Historian Tracy Callis, who saw Armstrong fight, said that he was, “A relentless, aggressive, attacking fighter, Armstrong had several nicknames - "Perpetual Motion," "Homicide Hank," the "Human Buzzsaw," and "Hurricane Henry." He carried a stiff punch, took a good blow, applied constant pressure, and had incredible stamina. From 1937 to late 1940, he lost only one fight - to Lou Ambers - for the Lightweight title (in 1939). His record (against topflight competition) during this time was 59-1-1 with 51 knockouts. He scored 27 straight knockouts during 1937-1938.”

    Armstrong who merited his colorful nicknames for his non-stop windmill attacking style, was one of boxing’s greatest pound for pound fighters. Pressuring his opponents from the gong of the first bell his plan of attack was designed to force his opponents into mistakes while he banged away with both hands to the head and body with a torrent of blows. Veteran boxing observer, Tony Kelly, Ring, Feb 1938, said that Armstrong “sets the most killing pace I’ve ever seen.”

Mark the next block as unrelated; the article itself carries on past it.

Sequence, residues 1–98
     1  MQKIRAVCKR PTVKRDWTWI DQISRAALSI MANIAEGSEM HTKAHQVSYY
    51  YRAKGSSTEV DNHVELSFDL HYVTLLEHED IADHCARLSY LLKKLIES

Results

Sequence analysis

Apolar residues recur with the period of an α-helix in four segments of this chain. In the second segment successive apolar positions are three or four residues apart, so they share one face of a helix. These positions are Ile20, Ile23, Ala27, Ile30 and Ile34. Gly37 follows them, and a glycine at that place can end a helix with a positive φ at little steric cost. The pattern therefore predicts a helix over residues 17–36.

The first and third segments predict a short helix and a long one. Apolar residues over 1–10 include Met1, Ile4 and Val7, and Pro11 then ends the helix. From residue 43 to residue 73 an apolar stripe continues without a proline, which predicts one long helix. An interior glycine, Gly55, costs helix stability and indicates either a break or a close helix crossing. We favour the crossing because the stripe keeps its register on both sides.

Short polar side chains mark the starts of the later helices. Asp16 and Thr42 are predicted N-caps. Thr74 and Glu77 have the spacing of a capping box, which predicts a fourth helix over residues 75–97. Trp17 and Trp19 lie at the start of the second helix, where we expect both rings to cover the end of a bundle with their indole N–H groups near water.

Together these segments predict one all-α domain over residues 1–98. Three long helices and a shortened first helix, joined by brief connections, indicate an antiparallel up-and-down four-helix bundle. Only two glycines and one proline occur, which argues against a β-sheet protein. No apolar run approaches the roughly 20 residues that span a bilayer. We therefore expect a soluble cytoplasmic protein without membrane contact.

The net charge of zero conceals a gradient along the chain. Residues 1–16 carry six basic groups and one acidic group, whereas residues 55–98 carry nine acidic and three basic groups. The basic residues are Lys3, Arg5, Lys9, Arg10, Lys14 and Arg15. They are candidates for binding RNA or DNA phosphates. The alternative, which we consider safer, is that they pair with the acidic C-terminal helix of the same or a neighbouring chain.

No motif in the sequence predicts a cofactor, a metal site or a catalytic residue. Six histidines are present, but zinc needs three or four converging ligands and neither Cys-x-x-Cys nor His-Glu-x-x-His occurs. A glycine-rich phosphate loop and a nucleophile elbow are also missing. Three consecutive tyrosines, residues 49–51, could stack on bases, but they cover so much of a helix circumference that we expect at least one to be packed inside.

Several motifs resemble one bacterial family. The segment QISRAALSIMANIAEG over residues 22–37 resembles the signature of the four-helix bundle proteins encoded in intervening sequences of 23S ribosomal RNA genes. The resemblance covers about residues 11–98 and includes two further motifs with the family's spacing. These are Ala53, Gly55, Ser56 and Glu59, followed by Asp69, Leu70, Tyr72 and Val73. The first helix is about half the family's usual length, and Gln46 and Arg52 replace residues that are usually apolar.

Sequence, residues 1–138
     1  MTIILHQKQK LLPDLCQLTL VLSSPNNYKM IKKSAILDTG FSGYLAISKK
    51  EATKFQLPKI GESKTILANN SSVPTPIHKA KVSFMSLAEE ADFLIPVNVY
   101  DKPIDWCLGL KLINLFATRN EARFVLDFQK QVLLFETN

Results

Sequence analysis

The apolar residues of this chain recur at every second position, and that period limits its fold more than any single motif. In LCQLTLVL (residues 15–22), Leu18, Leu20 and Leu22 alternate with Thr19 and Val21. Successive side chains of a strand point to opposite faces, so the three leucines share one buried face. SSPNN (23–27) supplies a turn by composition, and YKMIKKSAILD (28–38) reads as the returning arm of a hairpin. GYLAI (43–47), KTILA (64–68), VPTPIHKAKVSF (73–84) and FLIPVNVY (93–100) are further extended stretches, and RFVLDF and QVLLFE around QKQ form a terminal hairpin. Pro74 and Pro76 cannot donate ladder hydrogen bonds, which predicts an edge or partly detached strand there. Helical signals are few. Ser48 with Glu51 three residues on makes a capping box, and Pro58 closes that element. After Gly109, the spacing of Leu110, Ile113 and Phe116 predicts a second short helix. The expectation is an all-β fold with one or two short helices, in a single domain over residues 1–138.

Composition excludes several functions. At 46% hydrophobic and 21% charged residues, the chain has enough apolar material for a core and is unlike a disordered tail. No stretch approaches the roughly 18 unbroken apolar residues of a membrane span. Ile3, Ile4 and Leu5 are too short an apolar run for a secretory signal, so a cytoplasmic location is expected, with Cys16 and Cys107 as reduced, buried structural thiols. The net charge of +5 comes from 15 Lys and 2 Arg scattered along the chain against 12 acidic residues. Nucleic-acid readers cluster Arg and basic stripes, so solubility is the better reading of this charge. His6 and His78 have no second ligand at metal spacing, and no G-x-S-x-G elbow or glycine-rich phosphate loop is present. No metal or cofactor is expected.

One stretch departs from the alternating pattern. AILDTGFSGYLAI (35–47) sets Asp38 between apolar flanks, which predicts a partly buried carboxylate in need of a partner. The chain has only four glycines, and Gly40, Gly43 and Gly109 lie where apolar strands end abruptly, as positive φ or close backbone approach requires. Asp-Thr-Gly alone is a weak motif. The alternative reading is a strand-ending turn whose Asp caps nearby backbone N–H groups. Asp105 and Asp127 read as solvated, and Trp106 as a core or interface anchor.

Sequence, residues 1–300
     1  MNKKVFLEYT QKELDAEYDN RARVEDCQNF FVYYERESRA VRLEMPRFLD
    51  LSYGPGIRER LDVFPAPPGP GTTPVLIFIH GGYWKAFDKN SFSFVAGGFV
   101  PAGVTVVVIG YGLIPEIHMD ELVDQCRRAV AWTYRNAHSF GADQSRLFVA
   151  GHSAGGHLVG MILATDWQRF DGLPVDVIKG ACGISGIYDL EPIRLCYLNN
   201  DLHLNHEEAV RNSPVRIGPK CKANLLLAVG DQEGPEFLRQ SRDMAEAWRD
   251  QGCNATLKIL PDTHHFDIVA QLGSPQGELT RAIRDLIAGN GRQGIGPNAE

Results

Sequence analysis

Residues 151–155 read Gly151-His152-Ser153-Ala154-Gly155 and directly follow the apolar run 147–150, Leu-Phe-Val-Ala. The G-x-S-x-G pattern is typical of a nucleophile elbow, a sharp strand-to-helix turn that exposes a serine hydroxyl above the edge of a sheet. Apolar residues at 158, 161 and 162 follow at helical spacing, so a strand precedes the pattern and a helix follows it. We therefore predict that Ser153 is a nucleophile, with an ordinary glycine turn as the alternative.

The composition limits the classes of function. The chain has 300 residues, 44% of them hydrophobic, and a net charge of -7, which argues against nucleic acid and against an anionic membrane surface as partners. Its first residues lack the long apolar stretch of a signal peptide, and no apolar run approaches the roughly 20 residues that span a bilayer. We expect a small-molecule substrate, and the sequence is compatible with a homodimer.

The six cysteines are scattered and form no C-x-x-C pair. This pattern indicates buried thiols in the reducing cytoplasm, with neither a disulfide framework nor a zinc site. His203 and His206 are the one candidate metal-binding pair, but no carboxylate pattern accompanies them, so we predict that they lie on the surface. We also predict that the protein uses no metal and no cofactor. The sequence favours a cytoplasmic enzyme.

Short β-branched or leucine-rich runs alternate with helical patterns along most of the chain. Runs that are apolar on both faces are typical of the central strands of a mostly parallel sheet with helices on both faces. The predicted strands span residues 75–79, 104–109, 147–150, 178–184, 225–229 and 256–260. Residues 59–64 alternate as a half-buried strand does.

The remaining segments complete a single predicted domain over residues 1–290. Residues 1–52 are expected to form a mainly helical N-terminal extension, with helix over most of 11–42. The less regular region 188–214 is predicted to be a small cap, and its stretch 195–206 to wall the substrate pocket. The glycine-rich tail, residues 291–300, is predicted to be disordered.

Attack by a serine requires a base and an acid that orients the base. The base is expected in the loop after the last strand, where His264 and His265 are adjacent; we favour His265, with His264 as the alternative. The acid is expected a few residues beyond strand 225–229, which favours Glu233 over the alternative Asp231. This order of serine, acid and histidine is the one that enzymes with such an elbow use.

Armstrong was a marvel of the ring. He worked at a fast pace, had quick hands and unlike most fighters seemed to pick up speed as the rounds went on. He was also a strong puncher and defensively his bob and weave style kept him from receiving the full impact of his opponent’s blows. The truth of Henry Armstrong is that he had much better boxing skills than some give him credit for.